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RESEARCH LIBRARY

View recent publications to learn how the NBME research team is working to improve our products and services, advance the field of assessment science, and support the health professions.

Showing 1 - 10 of 17 Research Library Publications
Posted: April 22, 2021 | C. Morrison, J. Wise, M. Maranki, L. Ross

Medical Science Educator: Volume 31, p 607–613 (2021)

 

This study extended previous research on the NBME Clinical Science Mastery Series self-assessments to investigate the utility of recently released self-assessments for students completing Family Medicine clerkships and Emergency Medicine sub-internships and preparing for summative assessments.

Posted: December 28, 2020 | D. Jurich, M. Daniel, K.E. Hauer, C. Seibert, L. Chandran, A.R. Pock, S.B. Fazio, A. Fleming, S.A. Santeni

Teaching and Learning in Medicine: Volume 33 - Issue 4 - p 366-381

 

CSE scores for students from eight schools that moved Step 1 after core clerkships between 2012 and 2016 were analyzed in a pre-post format. Hierarchical linear modeling was used to quantify the effect of the curriculum on CSE performance. Additional analysis determined if clerkship order impacted clinical subject exam performance and whether the curriculum change resulted in more students scoring in the lowest percentiles before and after the curricular change.

Posted: September 1, 2020 | Y.S. Park, A. Morales, L. Ross, M. Paniagua

Evaluation & the Health Professions: Volume: 43 issue: 3, page(s): 149-158

 

This study examines the innovative and practical application of DCM framework to health professions educational assessments using retrospective large-scale assessment data from the basic and clinical sciences: National Board of Medical Examiners Subject Examinations in pathology (n = 2,006) and medicine (n = 2,351).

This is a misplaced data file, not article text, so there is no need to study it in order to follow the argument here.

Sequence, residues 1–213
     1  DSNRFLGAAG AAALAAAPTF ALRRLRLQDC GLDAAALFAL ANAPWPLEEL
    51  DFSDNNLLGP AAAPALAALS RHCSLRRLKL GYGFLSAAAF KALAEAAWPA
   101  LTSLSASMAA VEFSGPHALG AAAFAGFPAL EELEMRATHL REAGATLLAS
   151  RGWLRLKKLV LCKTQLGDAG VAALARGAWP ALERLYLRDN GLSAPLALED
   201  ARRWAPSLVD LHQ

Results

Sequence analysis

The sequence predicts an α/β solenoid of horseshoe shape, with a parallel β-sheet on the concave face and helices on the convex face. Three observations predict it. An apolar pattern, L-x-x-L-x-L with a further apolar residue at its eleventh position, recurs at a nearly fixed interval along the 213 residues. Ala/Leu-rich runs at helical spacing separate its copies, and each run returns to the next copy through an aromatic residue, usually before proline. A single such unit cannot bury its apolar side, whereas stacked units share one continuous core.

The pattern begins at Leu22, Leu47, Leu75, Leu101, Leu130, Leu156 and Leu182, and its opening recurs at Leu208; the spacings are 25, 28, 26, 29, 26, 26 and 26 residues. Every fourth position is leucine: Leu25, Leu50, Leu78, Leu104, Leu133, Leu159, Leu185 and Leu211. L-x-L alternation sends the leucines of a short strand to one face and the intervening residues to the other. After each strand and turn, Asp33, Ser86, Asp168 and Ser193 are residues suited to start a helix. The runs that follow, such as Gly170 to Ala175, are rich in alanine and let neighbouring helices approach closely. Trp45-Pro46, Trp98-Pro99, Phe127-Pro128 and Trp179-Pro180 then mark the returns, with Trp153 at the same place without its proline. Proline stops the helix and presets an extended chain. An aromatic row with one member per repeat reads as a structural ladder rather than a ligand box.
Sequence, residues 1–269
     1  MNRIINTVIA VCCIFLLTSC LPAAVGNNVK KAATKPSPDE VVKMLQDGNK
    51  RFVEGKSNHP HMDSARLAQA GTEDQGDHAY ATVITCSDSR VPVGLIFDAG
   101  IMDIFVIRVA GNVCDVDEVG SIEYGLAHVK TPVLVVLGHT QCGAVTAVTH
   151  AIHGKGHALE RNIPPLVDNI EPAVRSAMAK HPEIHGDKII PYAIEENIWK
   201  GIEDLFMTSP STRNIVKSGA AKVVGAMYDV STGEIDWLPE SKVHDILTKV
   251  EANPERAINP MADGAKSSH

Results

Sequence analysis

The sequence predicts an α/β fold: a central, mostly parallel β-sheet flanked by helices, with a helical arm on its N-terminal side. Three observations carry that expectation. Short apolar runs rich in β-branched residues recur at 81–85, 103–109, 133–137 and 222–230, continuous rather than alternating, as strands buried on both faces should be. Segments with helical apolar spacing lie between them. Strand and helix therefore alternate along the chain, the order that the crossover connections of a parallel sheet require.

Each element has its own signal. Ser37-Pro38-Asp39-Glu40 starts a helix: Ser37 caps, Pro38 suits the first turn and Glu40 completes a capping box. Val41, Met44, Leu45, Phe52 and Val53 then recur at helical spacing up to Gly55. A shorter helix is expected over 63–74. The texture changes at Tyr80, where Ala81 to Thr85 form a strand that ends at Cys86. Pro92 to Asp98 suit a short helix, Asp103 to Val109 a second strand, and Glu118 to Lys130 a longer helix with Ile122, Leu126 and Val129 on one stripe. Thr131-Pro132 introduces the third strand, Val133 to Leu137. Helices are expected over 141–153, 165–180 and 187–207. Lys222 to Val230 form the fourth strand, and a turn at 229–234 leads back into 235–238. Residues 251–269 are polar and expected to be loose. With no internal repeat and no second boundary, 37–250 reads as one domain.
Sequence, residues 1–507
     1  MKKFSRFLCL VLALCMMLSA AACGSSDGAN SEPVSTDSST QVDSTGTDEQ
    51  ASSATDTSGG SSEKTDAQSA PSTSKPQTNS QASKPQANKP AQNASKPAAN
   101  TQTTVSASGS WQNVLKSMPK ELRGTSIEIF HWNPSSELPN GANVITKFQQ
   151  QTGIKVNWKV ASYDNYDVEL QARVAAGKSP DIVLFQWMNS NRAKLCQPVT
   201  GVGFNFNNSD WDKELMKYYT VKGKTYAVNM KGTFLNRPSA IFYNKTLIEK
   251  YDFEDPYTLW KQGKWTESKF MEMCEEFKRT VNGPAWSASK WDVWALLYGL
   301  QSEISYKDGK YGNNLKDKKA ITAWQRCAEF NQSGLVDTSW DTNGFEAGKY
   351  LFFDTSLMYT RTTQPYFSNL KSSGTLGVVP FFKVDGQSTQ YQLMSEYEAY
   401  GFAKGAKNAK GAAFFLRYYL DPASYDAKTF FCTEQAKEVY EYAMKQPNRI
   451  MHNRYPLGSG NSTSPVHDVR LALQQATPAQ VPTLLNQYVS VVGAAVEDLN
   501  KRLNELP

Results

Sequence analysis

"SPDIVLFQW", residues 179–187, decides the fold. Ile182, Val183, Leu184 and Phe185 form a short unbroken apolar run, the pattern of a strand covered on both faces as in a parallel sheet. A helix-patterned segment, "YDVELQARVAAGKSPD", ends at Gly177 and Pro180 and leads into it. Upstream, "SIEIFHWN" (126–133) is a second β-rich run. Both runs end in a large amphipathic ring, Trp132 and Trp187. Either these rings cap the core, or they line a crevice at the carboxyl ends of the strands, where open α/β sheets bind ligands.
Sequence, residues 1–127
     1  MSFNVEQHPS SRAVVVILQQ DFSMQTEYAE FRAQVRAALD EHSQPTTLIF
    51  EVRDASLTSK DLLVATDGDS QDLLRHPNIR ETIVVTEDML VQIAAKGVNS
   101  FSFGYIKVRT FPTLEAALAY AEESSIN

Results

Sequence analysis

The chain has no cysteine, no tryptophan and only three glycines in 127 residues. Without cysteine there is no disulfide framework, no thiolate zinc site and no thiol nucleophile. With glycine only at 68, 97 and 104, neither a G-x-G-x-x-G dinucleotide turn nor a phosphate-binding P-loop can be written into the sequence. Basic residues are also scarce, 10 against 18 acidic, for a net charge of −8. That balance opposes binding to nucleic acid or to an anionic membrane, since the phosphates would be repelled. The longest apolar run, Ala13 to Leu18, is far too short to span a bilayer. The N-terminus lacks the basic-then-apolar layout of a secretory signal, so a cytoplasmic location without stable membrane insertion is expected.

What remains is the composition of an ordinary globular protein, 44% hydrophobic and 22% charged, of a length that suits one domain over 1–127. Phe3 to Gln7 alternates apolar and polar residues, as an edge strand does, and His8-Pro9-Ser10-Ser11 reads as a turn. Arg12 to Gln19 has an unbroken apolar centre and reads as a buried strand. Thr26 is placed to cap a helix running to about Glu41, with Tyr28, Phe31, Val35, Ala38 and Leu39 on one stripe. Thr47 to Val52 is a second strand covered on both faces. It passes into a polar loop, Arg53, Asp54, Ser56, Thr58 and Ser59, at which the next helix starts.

Posted: September 1, 2020 | F.S. McDonald, D. Jurich, L.M. Duhigg, M. Paniagua, D. Chick, M. Wells, A. Williams, P. Alguire

Academic Medicine: September 2020 - Volume 95 - Issue 9 - p 1388-1395

 

This article aims to assess the correlations between United States Medical Licensing Examination (USMLE) performance, American College of Physicians Internal Medicine In-Training Examination (IM-ITE) performance, American Board of Internal Medicine Internal Medicine Certification Exam (IM-CE) performance, and other medical knowledge and demographic variables.

Posted: July 23, 2020 | M. G. Jodoin, J. D. Rubright

Educational Measurement: Issues and Practice

 

This short, invited manuscript focuses on the implications for certification and licensure assessment organizations as a result of the wide‐spread disruptions caused by the COVID-19 pandemic. 

Posted: January 1, 2020 | D. Jurich, S.A. Santen, M. Paniagua, A. Fleming, V. Harnik, A. Pock, A. Swan-Sein, M.A. Barone, M. Daniel

Academic Medicine: Volume 95 - Issue 1 - p 111-121

 

This paper investigates the effect of a change in the United States Medical Licensing Examination Step 1 timing on Step 2 Clinical Knowledge (CK) scores, the effect of lag time on Step 2 CK performance, and the relationship of incoming Medical College Admission Test (MCAT) score to Step 2 CK performance pre and post change.

Posted: July 1, 2019 | J. Salt, P. Harik, M. A. Barone

Academic Medicine: July 2019 - Volume 94 - Issue 7 - p 926-927

 

A response to concerns regarding potential bias in the implementation of machine learning (ML) to scoring of the United States Medical Licensing Examination Step 2 Clinical Skills (CS) patient notes (PN).

Posted: March 1, 2019 | D. Jurich, M. Daniel, M. Paniagua, A. Fleming, V. Harnik, A. Pock, A. Swan-Sein, M. A. Barone, S.A. Santen

Academic Medicine: March 2019 - Volume 94 - Issue 3 - p 371-377

 

Schools undergoing curricular reform are reconsidering the optimal timing of Step 1. This study provides a psychometric investigation of the impact on United States Medical Licensing Examination Step 1 scores of changing the timing of Step 1 from after completion of the basic science curricula to after core clerkships.

Posted: March 1, 2019 | J. Salt, P. Harik, M. A. Barone

Academic Medicine: March 2019 - Volume 94 - Issue 3 - p 314-316

 

The United States Medical Licensing Examination Step 2 Clinical Skills (CS) exam uses physician raters to evaluate patient notes written by examinees. In this Invited Commentary, the authors describe the ways in which the Step 2 CS exam could benefit from adopting a computer-assisted scoring approach that combines physician raters’ judgments with computer-generated scores based on natural language processing (NLP).

Posted: January 1, 2019 | M. Paniagua, P. Katsufrakis

Investigación en Educación Médica, Vol. 8, Núm. 29, 2019